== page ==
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Writing in depth pieces about classic records takes time. Talking about modern rap is boring (except if it’s talking about new Jay/Wu/Beanie material) and talking about which celebrity got arrested is so asinine it might give you cancer. Listen to these albums instead.
Best known among Hip-Hop fans for her funky take on “California Soul” which provided the backing for Gangstarr’s “Check the Technique”, Marlena Shaw stands as way more than a convenient sample source. Her debut album (which includes said take on California Soul) is an excellent mix of Motown-style giddiness, rough funk and smooth jazz-pop that somehow manages to sound coherent. It’s Marlena’s powerful and versatile delivery that keeps things together making this essential listening for anyone interested in R&B’s adventurous side.
Sounding like early Santana crossed with the incredible Bongo band on a particularly funky day, Candido’s “Beautiful” is a funky selection of dance-floor ready Latin jazz that’s just begging to used in a Quentin Tarentino chase scene. While the focus is on Candido’s superb percussion, the horns, organ and sax players all get love with extended showcases and the funky bass keeps things on time and on point.
While I generally liked the same albums as the rest of the blogosphere last year (Roots, Clipse, Ghostface), none of those records got as much play around my crib as The Team’s World Premiere. Hailing from Oakland California, The Team (Clyde Carson, Kaz Kaizah with the occasional verse by Mayne Mannish) are to smooth playa rap as the Clipse are to cinematic coke rap: the next shit. Building on a mix of Bad Boy smoothness and funky Oakland grooves, the Team throw in copious amounts of ecstasy and weed and the results are spaced out futuristic grooves and high-octane slappers which make for one of the most interesting listening experiences in a minute. There’s no crime-talk going on here and the lyrics pretty much focus on getting high, getting laid and getting around The Bay area which works to the group’s advantage: when’s the last time you heard an album that’s decidedly NOT gangsta but that doesn’t fall into cliché positivity either?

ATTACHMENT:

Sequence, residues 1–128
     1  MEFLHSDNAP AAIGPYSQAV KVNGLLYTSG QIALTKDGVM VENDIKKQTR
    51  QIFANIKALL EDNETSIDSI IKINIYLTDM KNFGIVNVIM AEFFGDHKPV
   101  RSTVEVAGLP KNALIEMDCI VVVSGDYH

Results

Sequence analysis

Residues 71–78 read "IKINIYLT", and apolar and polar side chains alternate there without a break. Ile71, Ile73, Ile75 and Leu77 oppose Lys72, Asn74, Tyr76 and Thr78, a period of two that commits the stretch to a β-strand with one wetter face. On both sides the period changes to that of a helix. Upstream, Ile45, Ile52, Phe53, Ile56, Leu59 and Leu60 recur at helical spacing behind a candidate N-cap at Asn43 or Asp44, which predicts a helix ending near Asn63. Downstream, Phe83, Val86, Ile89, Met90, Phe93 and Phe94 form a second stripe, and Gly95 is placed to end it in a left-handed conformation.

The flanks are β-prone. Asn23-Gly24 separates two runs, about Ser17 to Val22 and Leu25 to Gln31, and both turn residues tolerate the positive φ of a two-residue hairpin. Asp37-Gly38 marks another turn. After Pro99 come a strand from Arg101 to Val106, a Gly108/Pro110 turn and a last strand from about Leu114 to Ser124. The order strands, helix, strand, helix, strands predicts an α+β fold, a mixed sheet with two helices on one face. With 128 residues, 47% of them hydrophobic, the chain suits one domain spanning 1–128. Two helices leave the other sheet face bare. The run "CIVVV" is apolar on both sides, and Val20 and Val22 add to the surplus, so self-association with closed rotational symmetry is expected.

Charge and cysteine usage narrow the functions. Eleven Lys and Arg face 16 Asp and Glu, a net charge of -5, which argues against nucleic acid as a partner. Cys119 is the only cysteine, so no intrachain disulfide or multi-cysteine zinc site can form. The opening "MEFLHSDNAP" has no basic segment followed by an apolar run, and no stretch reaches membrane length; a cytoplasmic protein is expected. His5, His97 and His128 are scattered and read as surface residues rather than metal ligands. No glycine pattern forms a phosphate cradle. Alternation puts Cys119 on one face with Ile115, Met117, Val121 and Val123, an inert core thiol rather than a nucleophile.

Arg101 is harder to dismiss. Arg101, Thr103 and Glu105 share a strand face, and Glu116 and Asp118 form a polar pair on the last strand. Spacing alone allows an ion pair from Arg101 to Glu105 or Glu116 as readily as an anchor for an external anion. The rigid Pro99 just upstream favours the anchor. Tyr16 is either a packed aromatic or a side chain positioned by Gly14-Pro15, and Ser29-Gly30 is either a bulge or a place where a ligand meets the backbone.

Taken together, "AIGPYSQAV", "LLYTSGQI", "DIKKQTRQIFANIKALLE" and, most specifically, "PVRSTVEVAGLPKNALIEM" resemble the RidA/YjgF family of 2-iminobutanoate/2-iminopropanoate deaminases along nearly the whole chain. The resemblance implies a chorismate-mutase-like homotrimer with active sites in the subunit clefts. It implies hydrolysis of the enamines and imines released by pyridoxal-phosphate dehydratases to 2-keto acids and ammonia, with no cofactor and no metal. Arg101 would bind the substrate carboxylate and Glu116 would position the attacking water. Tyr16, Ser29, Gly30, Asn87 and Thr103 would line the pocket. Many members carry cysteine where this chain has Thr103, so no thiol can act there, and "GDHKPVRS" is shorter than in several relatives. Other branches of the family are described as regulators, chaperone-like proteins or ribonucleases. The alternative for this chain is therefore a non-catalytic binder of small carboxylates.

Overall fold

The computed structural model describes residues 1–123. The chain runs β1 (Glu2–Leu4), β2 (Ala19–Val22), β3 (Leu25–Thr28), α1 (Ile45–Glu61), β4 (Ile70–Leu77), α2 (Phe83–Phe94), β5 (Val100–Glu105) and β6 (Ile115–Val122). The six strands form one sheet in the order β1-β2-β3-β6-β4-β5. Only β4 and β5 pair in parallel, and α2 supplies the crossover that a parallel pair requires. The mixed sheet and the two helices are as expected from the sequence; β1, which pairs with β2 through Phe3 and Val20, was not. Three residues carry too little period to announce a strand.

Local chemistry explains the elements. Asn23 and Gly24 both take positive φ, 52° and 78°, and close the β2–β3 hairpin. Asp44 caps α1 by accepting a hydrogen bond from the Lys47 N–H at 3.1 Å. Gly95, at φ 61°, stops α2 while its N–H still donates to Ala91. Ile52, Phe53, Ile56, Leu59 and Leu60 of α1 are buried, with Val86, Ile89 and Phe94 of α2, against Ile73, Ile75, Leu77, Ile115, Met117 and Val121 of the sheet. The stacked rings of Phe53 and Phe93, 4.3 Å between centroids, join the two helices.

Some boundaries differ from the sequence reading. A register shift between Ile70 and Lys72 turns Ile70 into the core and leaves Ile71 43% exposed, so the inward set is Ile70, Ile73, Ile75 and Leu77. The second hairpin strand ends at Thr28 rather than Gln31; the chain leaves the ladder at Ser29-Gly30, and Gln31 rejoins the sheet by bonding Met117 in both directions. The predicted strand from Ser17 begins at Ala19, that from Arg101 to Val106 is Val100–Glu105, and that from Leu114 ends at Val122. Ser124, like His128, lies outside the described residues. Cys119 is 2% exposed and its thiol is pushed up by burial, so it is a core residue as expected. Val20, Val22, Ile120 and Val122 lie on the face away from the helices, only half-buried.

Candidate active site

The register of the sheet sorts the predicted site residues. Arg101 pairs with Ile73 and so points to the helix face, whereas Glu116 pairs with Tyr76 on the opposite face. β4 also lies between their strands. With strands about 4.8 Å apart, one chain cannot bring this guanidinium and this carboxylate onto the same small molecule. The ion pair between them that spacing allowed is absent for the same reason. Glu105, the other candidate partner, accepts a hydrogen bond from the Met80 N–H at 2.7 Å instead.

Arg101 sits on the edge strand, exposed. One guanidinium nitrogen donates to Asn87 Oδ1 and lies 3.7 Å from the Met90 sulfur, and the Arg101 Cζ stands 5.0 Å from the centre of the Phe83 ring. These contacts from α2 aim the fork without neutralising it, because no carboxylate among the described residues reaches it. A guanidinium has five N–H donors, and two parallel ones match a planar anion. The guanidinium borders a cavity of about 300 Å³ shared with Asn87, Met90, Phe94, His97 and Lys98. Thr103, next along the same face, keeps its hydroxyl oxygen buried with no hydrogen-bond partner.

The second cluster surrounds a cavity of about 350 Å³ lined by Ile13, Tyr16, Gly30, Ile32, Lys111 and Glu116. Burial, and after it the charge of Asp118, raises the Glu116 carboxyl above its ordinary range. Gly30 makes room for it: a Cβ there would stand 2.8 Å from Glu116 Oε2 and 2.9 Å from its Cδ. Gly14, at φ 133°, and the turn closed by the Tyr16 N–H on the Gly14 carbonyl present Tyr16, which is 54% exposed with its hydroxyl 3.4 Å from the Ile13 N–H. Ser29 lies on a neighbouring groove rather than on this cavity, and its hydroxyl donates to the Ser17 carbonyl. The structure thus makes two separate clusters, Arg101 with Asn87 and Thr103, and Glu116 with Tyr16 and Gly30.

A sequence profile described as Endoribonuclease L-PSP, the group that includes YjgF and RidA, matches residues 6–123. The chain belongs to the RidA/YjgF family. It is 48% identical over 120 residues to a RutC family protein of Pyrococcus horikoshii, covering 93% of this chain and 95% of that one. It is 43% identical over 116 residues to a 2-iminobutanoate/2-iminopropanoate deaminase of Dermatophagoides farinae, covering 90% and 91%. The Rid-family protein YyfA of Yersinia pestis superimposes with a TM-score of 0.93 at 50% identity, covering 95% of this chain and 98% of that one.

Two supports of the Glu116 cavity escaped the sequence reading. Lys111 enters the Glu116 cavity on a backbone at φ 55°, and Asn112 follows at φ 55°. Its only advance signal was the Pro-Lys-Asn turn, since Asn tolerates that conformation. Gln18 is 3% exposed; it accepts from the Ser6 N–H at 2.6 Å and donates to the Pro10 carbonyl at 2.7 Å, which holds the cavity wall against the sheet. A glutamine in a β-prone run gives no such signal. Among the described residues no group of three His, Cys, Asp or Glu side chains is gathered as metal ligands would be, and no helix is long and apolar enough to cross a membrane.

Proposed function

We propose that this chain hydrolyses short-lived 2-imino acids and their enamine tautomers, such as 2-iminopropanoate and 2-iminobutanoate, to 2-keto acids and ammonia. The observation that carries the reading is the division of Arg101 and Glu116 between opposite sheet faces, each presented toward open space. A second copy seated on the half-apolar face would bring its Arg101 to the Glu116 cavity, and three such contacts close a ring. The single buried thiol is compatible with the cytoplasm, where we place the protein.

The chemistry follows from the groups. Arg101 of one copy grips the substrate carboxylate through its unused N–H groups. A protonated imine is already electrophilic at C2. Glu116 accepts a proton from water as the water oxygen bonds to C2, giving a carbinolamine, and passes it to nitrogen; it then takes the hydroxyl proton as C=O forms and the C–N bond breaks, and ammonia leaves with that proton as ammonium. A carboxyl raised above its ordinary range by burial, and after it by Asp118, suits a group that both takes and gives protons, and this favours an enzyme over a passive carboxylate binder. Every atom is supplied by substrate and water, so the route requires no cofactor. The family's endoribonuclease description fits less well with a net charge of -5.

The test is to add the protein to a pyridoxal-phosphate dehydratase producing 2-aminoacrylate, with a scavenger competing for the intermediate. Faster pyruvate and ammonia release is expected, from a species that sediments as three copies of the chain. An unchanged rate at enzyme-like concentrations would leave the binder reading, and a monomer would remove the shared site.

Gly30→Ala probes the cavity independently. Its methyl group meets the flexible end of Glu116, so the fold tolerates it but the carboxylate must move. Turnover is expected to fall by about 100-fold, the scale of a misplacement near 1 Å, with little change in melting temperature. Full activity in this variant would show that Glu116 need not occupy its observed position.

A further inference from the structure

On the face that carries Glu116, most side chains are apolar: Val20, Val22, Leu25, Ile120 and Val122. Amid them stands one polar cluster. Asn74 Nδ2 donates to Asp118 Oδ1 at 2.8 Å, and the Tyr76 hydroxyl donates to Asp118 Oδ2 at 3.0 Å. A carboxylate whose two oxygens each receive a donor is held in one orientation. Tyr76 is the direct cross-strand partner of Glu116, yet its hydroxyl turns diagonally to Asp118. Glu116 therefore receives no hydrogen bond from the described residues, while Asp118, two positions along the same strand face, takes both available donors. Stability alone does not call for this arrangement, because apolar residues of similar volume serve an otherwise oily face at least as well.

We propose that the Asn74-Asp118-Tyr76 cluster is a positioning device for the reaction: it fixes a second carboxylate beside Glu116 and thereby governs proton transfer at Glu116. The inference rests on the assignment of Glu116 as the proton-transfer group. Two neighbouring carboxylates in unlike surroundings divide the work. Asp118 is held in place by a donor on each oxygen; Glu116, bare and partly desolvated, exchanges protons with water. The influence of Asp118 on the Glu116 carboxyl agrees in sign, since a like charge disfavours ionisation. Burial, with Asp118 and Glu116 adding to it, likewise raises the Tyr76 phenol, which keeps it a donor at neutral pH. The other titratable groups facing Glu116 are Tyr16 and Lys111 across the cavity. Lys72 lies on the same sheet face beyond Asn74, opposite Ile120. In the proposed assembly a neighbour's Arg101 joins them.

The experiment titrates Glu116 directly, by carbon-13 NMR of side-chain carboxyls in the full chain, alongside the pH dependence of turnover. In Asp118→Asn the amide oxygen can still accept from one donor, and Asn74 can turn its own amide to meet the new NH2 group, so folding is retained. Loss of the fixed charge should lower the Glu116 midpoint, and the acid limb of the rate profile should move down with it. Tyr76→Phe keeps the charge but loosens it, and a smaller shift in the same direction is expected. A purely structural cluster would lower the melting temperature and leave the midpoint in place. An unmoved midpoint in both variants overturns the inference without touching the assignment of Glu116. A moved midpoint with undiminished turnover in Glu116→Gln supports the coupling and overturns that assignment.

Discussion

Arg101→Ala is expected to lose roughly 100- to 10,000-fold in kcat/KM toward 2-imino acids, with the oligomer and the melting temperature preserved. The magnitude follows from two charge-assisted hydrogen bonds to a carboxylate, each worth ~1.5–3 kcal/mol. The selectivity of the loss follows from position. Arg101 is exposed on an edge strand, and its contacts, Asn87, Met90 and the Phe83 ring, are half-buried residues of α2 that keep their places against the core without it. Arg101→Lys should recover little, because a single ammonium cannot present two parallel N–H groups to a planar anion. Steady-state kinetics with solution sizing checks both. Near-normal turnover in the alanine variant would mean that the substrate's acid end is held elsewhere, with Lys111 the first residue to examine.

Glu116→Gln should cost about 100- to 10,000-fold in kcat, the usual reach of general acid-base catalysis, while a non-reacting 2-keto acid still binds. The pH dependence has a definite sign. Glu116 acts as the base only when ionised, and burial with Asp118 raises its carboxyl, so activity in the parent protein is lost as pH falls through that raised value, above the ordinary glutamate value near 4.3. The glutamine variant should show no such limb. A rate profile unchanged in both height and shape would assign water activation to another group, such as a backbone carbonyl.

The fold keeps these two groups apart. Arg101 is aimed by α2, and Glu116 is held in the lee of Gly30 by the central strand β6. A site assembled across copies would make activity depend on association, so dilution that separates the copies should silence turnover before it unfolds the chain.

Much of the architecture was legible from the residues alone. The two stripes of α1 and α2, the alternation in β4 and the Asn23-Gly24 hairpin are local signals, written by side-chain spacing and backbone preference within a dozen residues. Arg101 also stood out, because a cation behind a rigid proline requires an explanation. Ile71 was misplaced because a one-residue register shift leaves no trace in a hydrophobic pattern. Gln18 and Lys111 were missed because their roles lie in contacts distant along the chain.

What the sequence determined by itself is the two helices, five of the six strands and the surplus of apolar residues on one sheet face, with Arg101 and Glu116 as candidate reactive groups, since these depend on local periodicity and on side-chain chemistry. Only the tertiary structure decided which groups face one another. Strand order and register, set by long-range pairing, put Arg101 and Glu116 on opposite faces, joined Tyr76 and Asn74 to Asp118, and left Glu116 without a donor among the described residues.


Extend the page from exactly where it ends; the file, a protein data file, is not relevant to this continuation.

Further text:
Give this one a shot. Maybe you’ll think I’m crazy but you just might like it too.
Aaaaalllllllll niiiiiigghhhhtttt looooooong! Even if you’ve never heard of the Mary Jane Girls, chances are you’ve heard the Mary Jane Girls. Their mega-hit “All Night Long” has been looped and chopped by everyone from Big Daddy Kane to LL Cool J to Redman, always to fantastic results. A side project of Rick “weed is a helluva drug too” James, The Mary Jane Girls compare favorably to Prince’s Vanity Six, not to mention to the other dozens of pre-fab girl groups of the era. This greatest hits disc misses out on a few key album cuts but the trade off comes in the form of extended 12-inch mixes sprinkled throughout the album. All songs written and arranged by Rick James. All songs funky.
If I was serious about this production shit (a part time hobby, not yet about to be taken to the maximum) I wouldn’t be giving out any good samples but what can I say? I’m generous like that. John Miles is the kind of overblown radio-ready 70’s rock that was eclipsed by Punk, Disco and New Wave by the end of the decade. But for all it’s pomp, Stranger in the City has some surprisingly dope songs including the title track and the album ending Music Man, both of which are ready for a Just Blaze/Kanye/Heatmakers treatment. Rock Star, Roc Star…same thing at this point.